Addressing challenges of transition from children's home to independence : Udayan Care's Udayan Ghars (Sunshine Children's Homes) & aftercare programme

Modi, Kiran and Nayar-Akhtar, Monisha and Ariely, Sumedha and Gupta, Deepak (2016) Addressing challenges of transition from children's home to independence : Udayan Care's Udayan Ghars (Sunshine Children's Homes) & aftercare programme. Scottish Journal of Residential Child Care, 15 (1). ISSN 1478-1840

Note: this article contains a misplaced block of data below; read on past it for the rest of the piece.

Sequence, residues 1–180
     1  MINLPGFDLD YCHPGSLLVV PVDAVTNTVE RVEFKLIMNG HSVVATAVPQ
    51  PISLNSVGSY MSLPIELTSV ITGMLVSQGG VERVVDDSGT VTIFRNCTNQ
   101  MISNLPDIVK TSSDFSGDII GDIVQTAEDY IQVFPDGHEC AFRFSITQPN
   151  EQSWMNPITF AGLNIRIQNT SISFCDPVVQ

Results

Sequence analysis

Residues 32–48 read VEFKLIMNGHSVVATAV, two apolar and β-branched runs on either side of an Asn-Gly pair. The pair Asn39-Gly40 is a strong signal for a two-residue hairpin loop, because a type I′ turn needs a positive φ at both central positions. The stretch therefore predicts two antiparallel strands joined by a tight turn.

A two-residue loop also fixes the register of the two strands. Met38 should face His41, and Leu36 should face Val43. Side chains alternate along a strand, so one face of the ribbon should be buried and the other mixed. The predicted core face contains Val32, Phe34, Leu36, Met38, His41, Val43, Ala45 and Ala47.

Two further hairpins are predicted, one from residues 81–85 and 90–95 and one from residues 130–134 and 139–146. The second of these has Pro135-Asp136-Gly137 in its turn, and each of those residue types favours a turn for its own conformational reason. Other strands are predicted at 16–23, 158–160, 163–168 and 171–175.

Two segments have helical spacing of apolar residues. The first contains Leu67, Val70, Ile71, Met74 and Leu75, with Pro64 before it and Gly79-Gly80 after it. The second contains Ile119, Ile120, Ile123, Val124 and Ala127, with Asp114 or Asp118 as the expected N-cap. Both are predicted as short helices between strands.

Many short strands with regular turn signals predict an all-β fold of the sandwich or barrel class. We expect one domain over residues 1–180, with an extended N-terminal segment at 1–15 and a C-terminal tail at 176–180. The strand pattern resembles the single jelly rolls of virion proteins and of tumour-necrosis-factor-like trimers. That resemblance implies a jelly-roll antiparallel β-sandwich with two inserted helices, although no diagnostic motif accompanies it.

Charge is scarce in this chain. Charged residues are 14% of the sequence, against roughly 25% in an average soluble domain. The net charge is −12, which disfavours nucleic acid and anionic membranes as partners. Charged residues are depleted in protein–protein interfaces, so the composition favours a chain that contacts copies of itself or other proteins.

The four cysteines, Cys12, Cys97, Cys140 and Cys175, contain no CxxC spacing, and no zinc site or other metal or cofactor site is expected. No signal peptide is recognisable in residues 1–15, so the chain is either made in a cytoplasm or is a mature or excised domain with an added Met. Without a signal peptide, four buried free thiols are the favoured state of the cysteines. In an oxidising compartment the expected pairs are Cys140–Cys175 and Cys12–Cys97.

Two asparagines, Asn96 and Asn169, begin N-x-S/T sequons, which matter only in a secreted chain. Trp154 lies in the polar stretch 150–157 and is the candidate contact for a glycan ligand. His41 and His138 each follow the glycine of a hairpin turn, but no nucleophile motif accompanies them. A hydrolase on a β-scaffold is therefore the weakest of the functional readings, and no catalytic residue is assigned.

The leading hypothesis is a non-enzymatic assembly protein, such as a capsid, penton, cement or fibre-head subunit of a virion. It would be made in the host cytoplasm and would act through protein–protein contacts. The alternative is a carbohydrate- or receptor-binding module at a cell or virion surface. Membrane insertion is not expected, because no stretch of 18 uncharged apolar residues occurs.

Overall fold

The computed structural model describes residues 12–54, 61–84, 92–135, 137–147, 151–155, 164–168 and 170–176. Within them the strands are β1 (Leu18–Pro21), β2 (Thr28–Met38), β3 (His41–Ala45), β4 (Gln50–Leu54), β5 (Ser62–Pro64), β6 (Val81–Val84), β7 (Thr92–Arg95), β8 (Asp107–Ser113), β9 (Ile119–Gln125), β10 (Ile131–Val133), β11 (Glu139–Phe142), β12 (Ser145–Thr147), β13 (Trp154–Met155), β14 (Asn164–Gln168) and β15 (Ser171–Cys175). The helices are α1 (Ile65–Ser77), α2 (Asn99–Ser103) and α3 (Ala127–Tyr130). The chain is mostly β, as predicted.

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The L.I.F.E. Model (Living In Family Environment), is a model that attempts to create familial relationships, consistent living circumstances, and social/educational support systems necessary to move towards independent adulthood for orphaned and vulnerable children (OVC). In addition, the model addresses multiple losses, grief and related issues by employing attachment and trauma-based understandings to child rearing, while using positive psychology tools to encourage resilience and developmental growth. In the last 19 years, Udayan Care (located in New Delhi, India) through the Udayan Ghars Programme and Aftercare Services, has employed an evolved L.I.F.E. model for the children it cares for (Modi, Nayar-Akhtar, Gupta, & Karmakar, 2014). The model includes a family-like regulated support system, with long-term mentors who are set in place to help the children transition from institutional care to independent living. Typically, this takes place with the children moving out of the Sunshine Children's Homes into semi-regulated Aftercare services and then from Aftercare into the larger world. Given the normative transitions for all young persons, finding ways to effectively support institutionalised children as they transition to independent living is critical. In addition to the normative challenges, undoubtedly, institutionalised children come with a history of trauma and abandonment and often have long-term psychological difficulties that are unique to their population. Many such children end up in childcare institutions as there may be no extended family available, and the options for alternative care settings are severely limited. To understand the developmental trajectories of these children, Udayan Care has been participating in longitudinal research to describe the current and on-going changes in children's trauma, attachment, self-concept and ego-resiliency. This work has provided baseline information on the level and effectiveness of the programmes implemented at Udayan Care, and recommends future directions for addressing the children's needs. This paper explores the needs of institutionalised children as addressed by the Udayan Care Model. Such children have histories of severe neglect and need intensive efforts directed towards addressing attachment issues, affect dysregulation, behavioural difficulties, social skills, education and life skills training.

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